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Ward, A. Wood, B. Awal, M. (2013). A Naturalistic Psychodynamic Psychotherapy Study: Evaluating Outcome with a Patient Perspective. Brit. J. Psychother., 29(3):292-314.

(2013). British Journal of Psychotherapy, 29(3):292-314


A Naturalistic Psychodynamic Psychotherapy Study: Evaluating Outcome with a Patient Perspective

Anne Ward, Barbara Wood and Masud Awal

The difficulties in conducting psychodynamic psychotherapy research are well documented. More recent meta-analyses have demonstrated clear benefits; however, it has been argued that naturalistic studies are of more direct relevance to clinical services. UK National Health Services (NHS) provide psychodynamic psychotherapy within psychiatric settings for heterogeneous and generally complex patient populations. Much of the psychodynamic psychotherapy is provided by trainee psychiatrists who rarely have prior experience of delivering such therapy, but who are supervised by senior staff. Our naturalistic outcome study uses both quantitative and qualitative methodology, and describes a symptomatic-ally and functionally impaired patient group (n = 384) deriving significant and clinically meaningful benefit from their therapy. Patient satisfaction and perceived change were positively correlated with each other and with symptomatic improvement. Patients' descriptive comments provided additional rich information, most commonly describing a positive outcome for therapy and the belief that therapy was too short. This study complements more formal research showing that psychodynamic psychotherapy is efficacious in outpatient settings.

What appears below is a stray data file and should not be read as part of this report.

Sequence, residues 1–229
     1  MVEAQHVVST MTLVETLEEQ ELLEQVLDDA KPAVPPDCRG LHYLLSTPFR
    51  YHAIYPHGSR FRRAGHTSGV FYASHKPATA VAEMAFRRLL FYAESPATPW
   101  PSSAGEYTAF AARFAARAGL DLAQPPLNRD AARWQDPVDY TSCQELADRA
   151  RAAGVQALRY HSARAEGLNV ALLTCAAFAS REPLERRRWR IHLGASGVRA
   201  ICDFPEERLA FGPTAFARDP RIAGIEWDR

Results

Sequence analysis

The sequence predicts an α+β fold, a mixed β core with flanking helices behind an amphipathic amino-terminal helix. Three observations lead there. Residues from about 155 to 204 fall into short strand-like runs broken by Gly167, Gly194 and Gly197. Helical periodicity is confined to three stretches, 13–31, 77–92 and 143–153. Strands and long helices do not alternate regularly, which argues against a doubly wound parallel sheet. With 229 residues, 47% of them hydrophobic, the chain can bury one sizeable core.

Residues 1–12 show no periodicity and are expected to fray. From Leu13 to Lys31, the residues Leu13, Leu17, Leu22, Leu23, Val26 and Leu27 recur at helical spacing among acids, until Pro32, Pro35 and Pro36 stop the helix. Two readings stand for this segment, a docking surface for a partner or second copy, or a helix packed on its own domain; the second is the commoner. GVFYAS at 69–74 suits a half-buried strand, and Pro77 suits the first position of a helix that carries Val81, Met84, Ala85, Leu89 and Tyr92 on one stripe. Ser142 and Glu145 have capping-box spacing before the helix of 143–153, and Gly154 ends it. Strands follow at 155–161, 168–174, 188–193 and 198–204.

[This is a summary excerpt from the full text of the journal article. The full text of the document is available to journal subscribers on the publisher's website here.]

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